Conference: Religious Minorities' Self-Representations

Panel 2A

Religion, Gender and Sexuality

Chair: Lieke Schrijvers (PhD Candidate, Department of Philosophy and Religious Studies, Utrecht University)
Room: Sweelinckzaal, Drift 21

‘Towards a More Inclusive “Dutchness”: Learning From the Intersections Between Religion, Gender and National Identity after Conversion to Islam’ – Eva Midden (Assistant Professor, Department of Media and Cultural Studies, Utrecht University)
This paper aims to investigate the relationship between religion and national identity through the experiences of female converts to Islam. Gender is essential in this conjuncture, as many national, religious and secular markers are gendered and, most of the time, specifically focused on women and their bodily practices. Through a literature review and discussion of preliminary interview results, it will be discussed how female converts negotiate their multiple belongings, especially with regard to the relationship between religion and national identity. The focus is not on self-understanding of converts, but on in/exclusion of Muslims as minority within European nations. The final aim is to explore options for more inclusive interpretations of ‘Dutchness’, in order to counter the idea that Islam and ‘Dutchness’ are not compatible.

‘Negotiating Sexuality in the Netherlands: The Dilemma of Religious Minorities of African Descent’ – Amisah Zenabu Bakuri (PhD Candidate, Amsterdam Institute of Social Science Research, University of Amsterdam)
This paper explores how debates on migration problematize the role of religion and ‘tradition’, particularly in relation to gender and sexuality. In this regard, religion and tradition are seen to promote unsafe practices and thus serve as sources of “taboos”. These feed into the self-representations of individuals with migrant background in the Netherlands. In this study, we focus on migrants who are predominantly Muslims and Christians from Somali and Ghana respectively. We explore how they have internalised and appropriated particular stereotypes about issues of gender and sexuality, and developed counter-stereotypes about what is “African” and “Dutch” sexuality. This paper shows how migrants make efforts to portray their personal, collective identity and correct popular perceptions by providing images of themselves, their religion, and sexual well-being. Therefore, the study looks at stereotyping and self-representation of these migrants in the Netherlands regarding issues of religion, secularism, sexuality and gender.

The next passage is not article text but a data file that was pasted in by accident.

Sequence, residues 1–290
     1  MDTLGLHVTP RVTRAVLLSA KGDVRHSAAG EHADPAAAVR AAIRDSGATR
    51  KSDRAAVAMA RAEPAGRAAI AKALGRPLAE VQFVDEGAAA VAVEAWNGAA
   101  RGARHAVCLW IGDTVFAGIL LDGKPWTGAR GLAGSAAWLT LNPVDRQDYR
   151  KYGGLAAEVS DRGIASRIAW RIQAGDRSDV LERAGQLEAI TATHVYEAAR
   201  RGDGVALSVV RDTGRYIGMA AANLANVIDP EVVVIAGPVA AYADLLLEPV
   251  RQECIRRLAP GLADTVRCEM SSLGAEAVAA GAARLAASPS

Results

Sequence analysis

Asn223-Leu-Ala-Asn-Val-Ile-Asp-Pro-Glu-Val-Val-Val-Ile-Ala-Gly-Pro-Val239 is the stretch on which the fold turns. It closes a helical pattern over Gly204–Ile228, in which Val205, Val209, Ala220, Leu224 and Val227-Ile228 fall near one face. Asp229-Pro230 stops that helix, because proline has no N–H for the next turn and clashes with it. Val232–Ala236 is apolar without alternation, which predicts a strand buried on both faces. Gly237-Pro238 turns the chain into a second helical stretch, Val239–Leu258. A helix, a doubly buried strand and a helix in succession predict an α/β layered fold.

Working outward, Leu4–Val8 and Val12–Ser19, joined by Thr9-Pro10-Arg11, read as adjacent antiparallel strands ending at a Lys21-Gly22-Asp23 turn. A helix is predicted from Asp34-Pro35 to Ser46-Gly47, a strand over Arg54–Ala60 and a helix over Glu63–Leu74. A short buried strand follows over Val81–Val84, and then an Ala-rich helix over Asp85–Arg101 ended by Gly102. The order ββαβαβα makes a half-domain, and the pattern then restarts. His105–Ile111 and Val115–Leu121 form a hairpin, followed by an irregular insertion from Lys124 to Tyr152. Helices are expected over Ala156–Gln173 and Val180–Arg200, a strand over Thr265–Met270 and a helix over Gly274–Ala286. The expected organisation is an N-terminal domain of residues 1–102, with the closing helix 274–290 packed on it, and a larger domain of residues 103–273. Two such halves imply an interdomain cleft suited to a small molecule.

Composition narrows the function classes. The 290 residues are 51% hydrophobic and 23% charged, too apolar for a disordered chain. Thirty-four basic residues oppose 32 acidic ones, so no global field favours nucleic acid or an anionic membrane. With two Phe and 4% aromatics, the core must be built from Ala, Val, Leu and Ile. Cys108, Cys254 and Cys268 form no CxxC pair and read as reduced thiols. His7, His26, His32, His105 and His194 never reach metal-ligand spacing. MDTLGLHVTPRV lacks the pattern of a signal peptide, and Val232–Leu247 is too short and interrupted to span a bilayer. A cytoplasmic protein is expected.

‘The Mipsterz Debate: Muslim Women’s Online Self-Representation’ – Laura Mora (PhD Candidate, Media Communications and Culture, Keele University, UK)
My PhD project analyses Muslim women’s fashionable self-representations and explores discourses of empowerment in discursive contexts characterised by postfeminism, neoliberalism and Islamophobia. The tidal surge of Islamophobia and associated political debates have arguably added pressure on (predominantly young) Muslim women to represent themselves online in ways that counter existing stereotypes. A pertinent example is the Mipsterz video (December 2013), which sparked heated debates on social media between Muslims who either cheered how the ‘hipness’ and ‘normalcy’ of the women in the video counters Islamophobic stereotypes, or critiqued its assumption that ‘hipness’ is the new equivalent for ‘emancipated’ or ‘moderate Muslim’ (Saeed, 2013). These debates demonstrate that, for some, Muslim women’s new ways of self-representation could be perceived as activist and empowering acts, while at the same time one could argue that these new visual codes are based on consumerism, self-branding, microcelebrity and individual remaking of subjectivity, which depoliticises women’s issues.